I don't know whether John Mark Karr killed JonBenet Ramsey. Time (and DNA evidence) will likely tell. I do know that when it comes to pursuing his grotesque fantasies, Karr is typical -- that is, for a pedophile.
Karr sought access to young girls through marriage, for example: While becoming a stepfather is a more typical strategy for gaining access to children, Karr actually married two child-brides in quick succession. He also sought employment in target-rich areas: The New York Post reports he told the Alabama baby sitter who took care of his own three kids that he wanted to open a day-care center (just a few years before he was arrested on child porn charges). In Alabama, California and Thailand, he worked as a teacher.
Like other pedophiles, Karr is extremely skilled at rationalizing his abnormal interest in children: "Sometimes little girls are closer to me than with their parents or any other person in their lives," wrote Karr in e-mail messages to a journalism professor.
Just how typical a pedophile Karr is becomes clear after a recent four-month investigation by The New York Times of the pedophile communities now in cyberspace. These are the pedophiles next door, remarkably similar to John Mark Karr with one chilling exception: They are still at large among us, developing new strategies to get their hands on our children.
"The community's online infrastructure is surprisingly elaborate" The New York Times reports: Internet radio stations, a charity to raise money to send Eastern European children to a camp where pedophiles would have access, podcasts, an online jewelry company marketing pendants symbolizing various pedophiles' orientations, downloadable booklets encouraging adult-child sex with instructions for distribution. In June, Internet providers announced plans to use new technologies to identify child pornographers. "Within hours of the announcement," reports the Times, "(pedophile) discussion rooms were filled with advice on how to continue swapping illegal images while avoiding detection."
Among the pedophiles observed by the reporters: a disc jockey at parties ("a high concentration of gorgeous" children); a pediatric nurse ("lots of looking but no touching"); a piano teacher ("I could tell you stories that would make you ... well ... I'll be good"); an employee at a water theme park ("bathing suits upon bathing suits!!!!!"); and a pediatrician specializing in gynecology ("No need to add anything more, I feel").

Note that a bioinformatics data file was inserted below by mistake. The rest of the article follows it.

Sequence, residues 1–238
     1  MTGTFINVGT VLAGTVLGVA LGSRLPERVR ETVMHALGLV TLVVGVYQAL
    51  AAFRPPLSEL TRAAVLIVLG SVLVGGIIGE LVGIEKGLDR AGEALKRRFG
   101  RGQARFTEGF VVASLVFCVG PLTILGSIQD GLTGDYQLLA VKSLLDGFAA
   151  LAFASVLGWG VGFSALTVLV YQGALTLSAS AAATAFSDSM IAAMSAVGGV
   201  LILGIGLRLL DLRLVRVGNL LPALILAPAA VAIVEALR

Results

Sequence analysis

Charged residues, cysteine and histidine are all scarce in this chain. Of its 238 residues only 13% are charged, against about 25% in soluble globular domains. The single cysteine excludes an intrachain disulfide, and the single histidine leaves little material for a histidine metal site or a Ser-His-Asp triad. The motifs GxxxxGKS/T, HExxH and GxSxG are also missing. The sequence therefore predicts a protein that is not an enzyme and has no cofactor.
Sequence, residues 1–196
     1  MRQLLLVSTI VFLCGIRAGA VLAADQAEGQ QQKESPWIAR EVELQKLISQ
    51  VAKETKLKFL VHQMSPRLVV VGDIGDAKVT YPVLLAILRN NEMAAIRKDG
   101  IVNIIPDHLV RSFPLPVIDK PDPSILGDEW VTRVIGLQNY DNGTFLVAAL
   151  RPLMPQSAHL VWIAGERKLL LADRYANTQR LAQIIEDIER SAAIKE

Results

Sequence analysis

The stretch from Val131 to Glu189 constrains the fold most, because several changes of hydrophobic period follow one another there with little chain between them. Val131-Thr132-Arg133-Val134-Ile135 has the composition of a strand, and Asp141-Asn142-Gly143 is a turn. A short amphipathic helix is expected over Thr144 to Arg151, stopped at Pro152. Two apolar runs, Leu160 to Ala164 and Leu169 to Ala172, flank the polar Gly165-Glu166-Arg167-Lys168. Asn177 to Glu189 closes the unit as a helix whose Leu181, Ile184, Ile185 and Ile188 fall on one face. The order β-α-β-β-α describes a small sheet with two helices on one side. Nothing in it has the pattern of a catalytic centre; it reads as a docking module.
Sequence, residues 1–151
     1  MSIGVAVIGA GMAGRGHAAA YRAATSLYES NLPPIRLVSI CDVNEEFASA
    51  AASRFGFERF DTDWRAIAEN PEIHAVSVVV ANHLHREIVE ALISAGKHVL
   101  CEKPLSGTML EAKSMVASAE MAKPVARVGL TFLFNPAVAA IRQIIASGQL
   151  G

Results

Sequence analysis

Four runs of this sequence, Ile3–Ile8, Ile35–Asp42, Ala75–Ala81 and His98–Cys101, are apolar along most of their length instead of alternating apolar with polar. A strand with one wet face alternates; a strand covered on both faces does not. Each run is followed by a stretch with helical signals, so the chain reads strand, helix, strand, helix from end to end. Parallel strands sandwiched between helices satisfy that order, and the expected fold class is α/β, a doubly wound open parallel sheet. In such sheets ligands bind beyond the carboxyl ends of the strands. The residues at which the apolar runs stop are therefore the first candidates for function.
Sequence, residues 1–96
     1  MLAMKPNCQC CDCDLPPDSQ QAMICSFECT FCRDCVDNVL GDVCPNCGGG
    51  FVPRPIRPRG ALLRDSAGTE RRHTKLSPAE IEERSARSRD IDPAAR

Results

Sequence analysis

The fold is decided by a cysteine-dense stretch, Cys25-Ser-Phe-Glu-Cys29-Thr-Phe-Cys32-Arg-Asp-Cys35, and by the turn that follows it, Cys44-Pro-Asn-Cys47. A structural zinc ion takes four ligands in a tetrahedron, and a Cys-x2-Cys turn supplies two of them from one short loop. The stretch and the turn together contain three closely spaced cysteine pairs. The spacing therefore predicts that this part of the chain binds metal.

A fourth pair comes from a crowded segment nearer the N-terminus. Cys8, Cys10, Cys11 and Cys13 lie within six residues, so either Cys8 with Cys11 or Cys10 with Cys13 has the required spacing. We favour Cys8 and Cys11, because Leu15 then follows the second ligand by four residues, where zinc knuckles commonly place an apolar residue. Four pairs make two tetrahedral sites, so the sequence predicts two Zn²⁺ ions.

"The most frequent job mentioned, however," according to the Times, "was schoolteacher."
That and another incident reported reinforce new concerns: On a site for pedophiles attracted to boys, "Vespucci" asked how a single man could become a foster parent. "I highly recommend you date women for several years and keep at least a couple of those relationships going for at least a couple of months. Around the women, make a point of being nice to children," another pedophile advised.
Congressional hearings on the problem to date have focused on the Internet as the problem. And it is true that the Internet has allowed pedophiles to create virtual communities in which they justify to each other their behavior. "My (10-year-old) daughter and I have a healthy, close relationship," a person with the screen name Sonali posted. "We have been in a 'consensual sexual relationship' almost two months now ... I am so happy to find this site. I thought having a sexual attraction to my daughter was bad. I now do not feel guilty or conflicted."
Now that pedophiles are organizing online to evade detection, I want to know: What kind of screening exists for teachers, day-care workers and other professionals who have positions of trusted authority with children? What evidence do we have that children in adoption or foster care are being protected from the pedophiles now targeting them?
Concerns with "family privacy" in foster care and adoption cannot be turned into an excuse for evading the question: How well are we protecting the most vulnerable children from the pedophiles next door?